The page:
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Department Publications

Governing Board Defines
Community College District's Mission
(Part 3 of a 3-part Series)

The State Board of Directors for Community Colleges in Arizona exercises limited authority over the state's community colleges. That agency merely coordinates the activities of institutions statewide--and then, only as expressly permitted by the legislature.

Consequently, under state statute, a community college district is left to define for itself its unique means of delivering instruction and other services to the community it serves. Responsibility for defining such activities is reposed with the district's governing board.

A district governing board, however--like the State Board--is subject to the limitations which the legislature imposes. Virtually any activity in which a community college district might wish to engage must be based in statutory authority.

In some areas, a district governing board has no latitude to decide what it will or will not do; that is, the legislature has imposed upon each Arizona community college district a set of mandatory powers which a district--typically through its governing board--must perform.

The most salient mandatory powers of a district governing board are those which require the board to:

  • maintain each community college for a period of "not less than eight months in each year and, if the funds of the district are sufficient, maintain each community college for a longer period."
  • appoint such personnel as chancellors, vice-chancellors, presidents, deans, instructors, and "other officers and employees as it deems necessary."
  • set the salaries of its officers and employees, as well as remove any officer or employee if, in the governing board's judgment, "the interests of education in this state require the removal."
  • award degrees, certificates and diplomas upon the completion of courses and curriculum as the governing board deems appropriate.

In other areas, a district board has the authority--but not the mandate--to take action. Among a board's discretionary powers are:

  • administering trusts declared or created for the district, as well as the receipt of gifts of property.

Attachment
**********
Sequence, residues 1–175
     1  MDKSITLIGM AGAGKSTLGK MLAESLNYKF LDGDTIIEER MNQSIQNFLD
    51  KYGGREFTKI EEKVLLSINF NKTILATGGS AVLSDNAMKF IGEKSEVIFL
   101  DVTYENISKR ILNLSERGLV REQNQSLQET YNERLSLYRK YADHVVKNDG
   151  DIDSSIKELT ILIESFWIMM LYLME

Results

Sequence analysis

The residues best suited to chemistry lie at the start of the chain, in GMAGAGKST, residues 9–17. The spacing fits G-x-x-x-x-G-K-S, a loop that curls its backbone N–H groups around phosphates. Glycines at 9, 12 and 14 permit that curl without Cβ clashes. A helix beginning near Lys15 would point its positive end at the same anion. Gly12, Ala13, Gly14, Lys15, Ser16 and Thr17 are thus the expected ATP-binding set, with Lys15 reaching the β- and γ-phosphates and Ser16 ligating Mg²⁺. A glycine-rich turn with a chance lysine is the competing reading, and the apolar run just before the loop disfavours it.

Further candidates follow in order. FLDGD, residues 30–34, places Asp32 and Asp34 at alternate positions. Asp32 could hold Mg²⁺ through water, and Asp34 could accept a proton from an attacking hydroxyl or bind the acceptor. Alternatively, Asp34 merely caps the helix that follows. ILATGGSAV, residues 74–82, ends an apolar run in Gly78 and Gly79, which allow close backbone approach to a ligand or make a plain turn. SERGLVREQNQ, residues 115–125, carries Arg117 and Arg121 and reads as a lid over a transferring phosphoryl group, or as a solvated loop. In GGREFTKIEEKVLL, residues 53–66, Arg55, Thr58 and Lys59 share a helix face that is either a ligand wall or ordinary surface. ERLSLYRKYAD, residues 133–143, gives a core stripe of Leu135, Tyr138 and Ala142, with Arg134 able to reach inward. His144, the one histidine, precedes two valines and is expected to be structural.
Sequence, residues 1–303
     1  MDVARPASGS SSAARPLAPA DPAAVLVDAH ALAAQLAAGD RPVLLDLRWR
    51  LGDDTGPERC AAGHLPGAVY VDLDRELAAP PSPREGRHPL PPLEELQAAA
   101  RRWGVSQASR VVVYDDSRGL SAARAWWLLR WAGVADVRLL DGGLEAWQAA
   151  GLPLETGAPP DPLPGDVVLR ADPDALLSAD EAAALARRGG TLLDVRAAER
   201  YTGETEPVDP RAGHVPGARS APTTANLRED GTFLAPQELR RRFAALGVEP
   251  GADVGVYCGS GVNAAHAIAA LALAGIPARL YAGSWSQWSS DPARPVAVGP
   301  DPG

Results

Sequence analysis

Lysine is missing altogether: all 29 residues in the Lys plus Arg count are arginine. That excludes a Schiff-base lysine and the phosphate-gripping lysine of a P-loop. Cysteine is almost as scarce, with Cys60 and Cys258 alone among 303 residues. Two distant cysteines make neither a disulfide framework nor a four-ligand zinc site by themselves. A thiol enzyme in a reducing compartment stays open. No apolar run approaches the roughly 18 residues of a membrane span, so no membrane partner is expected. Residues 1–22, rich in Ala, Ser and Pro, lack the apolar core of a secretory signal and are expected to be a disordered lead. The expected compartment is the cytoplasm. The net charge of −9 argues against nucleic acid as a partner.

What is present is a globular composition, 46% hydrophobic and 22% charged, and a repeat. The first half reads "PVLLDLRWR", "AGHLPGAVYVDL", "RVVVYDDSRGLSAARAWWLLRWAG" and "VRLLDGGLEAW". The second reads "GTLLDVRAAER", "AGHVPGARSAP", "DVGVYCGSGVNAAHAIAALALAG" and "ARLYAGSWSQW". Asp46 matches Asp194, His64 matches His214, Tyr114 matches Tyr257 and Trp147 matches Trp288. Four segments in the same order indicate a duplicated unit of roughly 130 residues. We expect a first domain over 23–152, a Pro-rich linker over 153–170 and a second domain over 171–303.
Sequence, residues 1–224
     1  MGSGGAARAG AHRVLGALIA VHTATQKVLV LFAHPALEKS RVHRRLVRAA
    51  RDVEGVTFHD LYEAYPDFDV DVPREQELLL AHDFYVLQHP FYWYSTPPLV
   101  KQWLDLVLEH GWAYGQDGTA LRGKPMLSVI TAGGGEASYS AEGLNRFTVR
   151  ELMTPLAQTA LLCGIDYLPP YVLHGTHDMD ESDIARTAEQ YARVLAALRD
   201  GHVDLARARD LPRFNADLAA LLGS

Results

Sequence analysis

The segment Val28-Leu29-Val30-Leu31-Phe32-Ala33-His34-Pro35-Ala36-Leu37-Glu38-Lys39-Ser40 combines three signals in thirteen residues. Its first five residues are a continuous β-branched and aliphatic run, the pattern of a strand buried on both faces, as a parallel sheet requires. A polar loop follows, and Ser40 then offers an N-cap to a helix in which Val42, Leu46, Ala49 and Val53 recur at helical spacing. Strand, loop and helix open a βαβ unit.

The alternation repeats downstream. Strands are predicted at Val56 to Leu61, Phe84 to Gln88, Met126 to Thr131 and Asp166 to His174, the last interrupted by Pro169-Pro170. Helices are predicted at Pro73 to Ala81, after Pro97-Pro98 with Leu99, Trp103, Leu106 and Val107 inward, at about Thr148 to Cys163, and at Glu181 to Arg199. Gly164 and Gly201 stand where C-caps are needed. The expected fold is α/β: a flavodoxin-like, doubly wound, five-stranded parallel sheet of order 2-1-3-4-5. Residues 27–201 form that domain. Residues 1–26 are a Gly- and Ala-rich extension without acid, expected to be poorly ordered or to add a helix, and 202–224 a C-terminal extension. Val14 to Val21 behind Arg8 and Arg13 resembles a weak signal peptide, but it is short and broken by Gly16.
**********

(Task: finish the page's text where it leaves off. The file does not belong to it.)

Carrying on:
• providing optional retirement programs among its employee benefit offerings.
  • contracting with other entities.
  • adopting rules "for the control of vehicles and nonpedestrian devices."

The legal responsibilities of district boards, however, go well beyond the legislature's general descriptions of mandatory and discretionary powers. Among all the statutory provisions that authorize a community college district's activities, the most extensive are those which prescribe the district's fiscal operations.

Here, the district board's role is most prominent. Only the board may propose--and ultimately adopt--a budget for the district each year. Similarly, a governing board has exclusive authority to conduct a bond election.

Finally, a district governing board is subject to other provisions of law that are not unique to such a body, but apply as well to other boards or commissions that govern political subdivisions.

For example, a governing board meets the definition of the term "public body" as contained in Arizona's open meeting law; accordingly, a governing board must (as required by the law) conduct its business in full view of the public.

Additionally, governing board members must comply with state statutes that prescribe ethical conduct by public officers, most notably the Arizona conflict of interest statutes.

Published in the Winter 2000 Edition of In Brief

Questions or comments?
Contact Lee Combs @ 480.731.8878

Maricopa Community Colleges
Office of General Counsel
2411 West 14th Street
Tempe, AZ 85281-6942
480.731.8877 / 480.731.8890 fax

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Page Updated 01/17/02

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